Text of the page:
The guy was sitting at the end of the bar at Capp’s Corner, a restaurant in San Francisco’s North Beach where they play all Sinatra, all the time, and if you don’t like it you can leave.
The guy wasn’t smiling, despite the fact that the Niners had just won a football game. He turned his head at hearing my accent, as if he’d been slapped.
“You know,” he said, “I don’t really like Boston teams, and I really don’t like Boston fans.”
He took a sip of his beer and then, looking up at the TV, added, “I hope you guys win the World Series.”
The Red Sox as America’s Team?
Maybe just this time.
We don’t like to hear it, but I hear it whenever I leave the cocoon that is New England in general and Massachusetts in particular: This extraordinary run over the past decade, with the Patriots and Red Sox winning multiple championships and the Bruins and Celtics winning one each, has produced a regional complacency and a national envy.
In many parts of the country, people go out of their way to watch Patriots games, with the express desire of watching them lose. There is a feeling in many other cities that the Celtics have won plenty of titles and that maybe, just maybe, some place like Cleveland apres LeBron is more deserving.
But this Red Sox team is different. Perhaps it is because no one who follows baseball, especially no one in Boston, really gave them a chance. I was in Fort Myers during spring training, and even the Red Sox brass were privately saying if this team finished 10 games over .500 it would be considered a roaring success.
But the playoffs?
The World Series?
After the train wreck that was Bobby Valentine, John Farrell has proven that managing talent with honesty and integrity does indeed make a difference. That treating grown men paid millions to play a child’s game like grown men can help them perform as human beings who viscerally appreciate how lucky they are to be paid millions to play a child’s game.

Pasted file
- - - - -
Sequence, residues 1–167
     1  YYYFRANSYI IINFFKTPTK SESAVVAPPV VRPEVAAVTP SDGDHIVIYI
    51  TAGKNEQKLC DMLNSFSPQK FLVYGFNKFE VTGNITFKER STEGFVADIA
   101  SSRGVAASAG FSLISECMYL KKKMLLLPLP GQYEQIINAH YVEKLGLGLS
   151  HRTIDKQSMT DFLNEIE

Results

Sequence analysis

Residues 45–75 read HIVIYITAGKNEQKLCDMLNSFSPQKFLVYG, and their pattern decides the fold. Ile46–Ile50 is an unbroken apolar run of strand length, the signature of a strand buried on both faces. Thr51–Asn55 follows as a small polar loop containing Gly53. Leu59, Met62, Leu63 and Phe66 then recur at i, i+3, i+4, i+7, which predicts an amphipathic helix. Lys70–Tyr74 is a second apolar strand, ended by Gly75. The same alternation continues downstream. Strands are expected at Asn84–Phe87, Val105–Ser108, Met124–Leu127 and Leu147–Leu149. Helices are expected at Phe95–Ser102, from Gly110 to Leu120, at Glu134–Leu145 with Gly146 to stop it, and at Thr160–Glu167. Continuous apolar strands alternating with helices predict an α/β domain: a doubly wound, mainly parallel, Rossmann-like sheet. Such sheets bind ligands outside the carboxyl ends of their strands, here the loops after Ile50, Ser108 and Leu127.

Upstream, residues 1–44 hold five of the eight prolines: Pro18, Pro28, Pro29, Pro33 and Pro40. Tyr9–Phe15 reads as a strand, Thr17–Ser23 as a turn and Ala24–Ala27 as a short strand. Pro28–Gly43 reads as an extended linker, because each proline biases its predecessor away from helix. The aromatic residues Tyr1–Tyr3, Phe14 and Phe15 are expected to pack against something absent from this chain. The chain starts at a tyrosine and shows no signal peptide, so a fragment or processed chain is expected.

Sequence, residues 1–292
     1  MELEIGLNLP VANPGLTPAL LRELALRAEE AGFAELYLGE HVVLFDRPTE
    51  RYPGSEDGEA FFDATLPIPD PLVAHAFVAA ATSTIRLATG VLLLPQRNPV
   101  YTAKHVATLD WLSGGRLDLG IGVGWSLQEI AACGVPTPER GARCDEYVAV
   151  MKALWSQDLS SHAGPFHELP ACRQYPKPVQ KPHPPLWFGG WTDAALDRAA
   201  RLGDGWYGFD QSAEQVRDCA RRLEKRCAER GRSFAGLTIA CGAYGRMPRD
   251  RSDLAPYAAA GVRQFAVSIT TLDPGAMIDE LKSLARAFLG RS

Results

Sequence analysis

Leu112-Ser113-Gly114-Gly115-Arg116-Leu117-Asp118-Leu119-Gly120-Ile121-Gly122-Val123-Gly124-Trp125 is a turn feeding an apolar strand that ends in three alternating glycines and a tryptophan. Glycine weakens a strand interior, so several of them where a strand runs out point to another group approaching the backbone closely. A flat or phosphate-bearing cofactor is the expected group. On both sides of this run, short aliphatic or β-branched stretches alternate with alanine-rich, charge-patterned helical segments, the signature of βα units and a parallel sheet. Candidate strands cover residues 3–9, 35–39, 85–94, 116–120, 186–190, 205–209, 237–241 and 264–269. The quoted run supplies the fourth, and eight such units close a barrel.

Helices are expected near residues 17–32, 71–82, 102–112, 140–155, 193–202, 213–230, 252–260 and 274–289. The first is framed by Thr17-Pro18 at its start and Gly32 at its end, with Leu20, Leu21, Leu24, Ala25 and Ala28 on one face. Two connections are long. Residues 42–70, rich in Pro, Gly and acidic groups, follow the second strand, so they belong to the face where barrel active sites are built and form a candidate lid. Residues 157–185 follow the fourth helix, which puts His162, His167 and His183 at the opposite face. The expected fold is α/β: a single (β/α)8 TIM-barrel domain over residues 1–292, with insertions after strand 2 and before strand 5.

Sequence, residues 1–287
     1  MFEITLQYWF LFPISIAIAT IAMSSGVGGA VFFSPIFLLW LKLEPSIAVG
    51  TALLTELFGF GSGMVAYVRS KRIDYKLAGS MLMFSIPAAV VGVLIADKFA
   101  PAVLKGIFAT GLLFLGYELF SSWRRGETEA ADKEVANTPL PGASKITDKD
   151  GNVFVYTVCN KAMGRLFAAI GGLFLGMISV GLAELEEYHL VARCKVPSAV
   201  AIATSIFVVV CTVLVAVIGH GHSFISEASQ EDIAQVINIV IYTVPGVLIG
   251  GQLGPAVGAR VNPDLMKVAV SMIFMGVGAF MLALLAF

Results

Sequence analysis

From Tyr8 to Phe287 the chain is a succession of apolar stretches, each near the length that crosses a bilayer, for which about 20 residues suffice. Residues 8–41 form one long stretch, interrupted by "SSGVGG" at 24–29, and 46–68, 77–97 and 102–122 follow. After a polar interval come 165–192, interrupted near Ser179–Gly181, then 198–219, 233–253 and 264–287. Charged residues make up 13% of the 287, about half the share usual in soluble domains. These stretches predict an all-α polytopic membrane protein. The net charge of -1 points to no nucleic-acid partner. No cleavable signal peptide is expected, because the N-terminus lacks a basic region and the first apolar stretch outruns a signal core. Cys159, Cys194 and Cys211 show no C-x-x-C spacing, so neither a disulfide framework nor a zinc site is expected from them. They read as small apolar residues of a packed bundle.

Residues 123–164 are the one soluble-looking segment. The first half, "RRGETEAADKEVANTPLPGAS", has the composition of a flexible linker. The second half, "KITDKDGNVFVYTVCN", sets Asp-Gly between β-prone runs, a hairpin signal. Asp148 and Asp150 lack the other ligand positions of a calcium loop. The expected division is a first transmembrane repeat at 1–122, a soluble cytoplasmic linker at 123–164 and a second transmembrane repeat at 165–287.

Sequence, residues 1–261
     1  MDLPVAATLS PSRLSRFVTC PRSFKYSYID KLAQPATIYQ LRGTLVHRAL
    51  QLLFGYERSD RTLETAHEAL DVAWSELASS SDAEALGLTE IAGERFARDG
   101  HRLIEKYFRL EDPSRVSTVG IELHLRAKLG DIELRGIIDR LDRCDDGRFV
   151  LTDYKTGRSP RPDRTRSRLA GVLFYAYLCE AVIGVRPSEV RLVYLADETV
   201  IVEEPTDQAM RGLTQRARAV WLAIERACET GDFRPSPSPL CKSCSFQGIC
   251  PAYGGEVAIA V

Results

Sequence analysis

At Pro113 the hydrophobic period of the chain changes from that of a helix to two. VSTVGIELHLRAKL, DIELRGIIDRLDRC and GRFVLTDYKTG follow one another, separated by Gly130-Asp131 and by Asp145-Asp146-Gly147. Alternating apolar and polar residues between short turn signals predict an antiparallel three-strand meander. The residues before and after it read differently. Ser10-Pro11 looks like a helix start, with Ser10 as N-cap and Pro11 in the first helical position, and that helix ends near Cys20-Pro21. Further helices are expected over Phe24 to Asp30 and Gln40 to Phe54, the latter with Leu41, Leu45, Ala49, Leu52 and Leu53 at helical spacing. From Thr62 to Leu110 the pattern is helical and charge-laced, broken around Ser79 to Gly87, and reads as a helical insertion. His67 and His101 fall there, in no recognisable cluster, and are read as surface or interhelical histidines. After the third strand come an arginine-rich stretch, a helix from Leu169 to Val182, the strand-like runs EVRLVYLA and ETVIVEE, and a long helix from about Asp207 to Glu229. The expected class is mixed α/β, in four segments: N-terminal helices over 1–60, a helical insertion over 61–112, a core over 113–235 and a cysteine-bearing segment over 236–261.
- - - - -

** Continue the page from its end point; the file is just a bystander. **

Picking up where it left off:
It has become an article of faith that this Sox team has become closer, played looser, and overachieved because of the terrorist attack at the finish line of the Boston Marathon. It seems a thesis impossible to prove.
But I would defy anyone to disprove it. Red Sox players were moved by what they saw. The truth is that everyone who lives in and around this town, anyone in America who has had a kid at college in this town, anyone who has visited Boston and appreciates our provincial idiosyncrasies, was deeply affected by the bombs that killed Martin Richard, Lu Lingzi, and Krystle Campbell, by the hate which maimed and wounded so many others.
Beyond the wounded and the dead, including a marvelous police officer named Sean Collier killed three days later, there are hundreds of cops, firefighters, paramedics and EMTs, doctors, nurses, and ordinary people who did extraordinary things, saving the lives of dozens that day.
Jane Richard, Martin’s little sister who lost a leg to the bombs, led the St. Ann’s choir in singing the national anthem at Fenway Park before David Ortiz launched a grand slam that changed the course of the American League Championship Series. She wore the jersey of Dustin Pedroia, whom the Richard kids love and who embodies a toughness that was very much on display as the smoke rose above Boylston Street on April 15.
“When you back us into a wall, you either do two things: cave or fight,” Pedroia once said, explaining the resilience of a team nobody gave a chance. “We’re gonna fight.”
This entire town said that with its actions that terrible week in April. Jane Richard personified it, walking to the microphone on her prosthetic leg.
This Sox team is far more fun to watch because they, like the city emblazoned on their away jerseys, will not lie down.
Big Papi said it all. This is our bleepin’ city.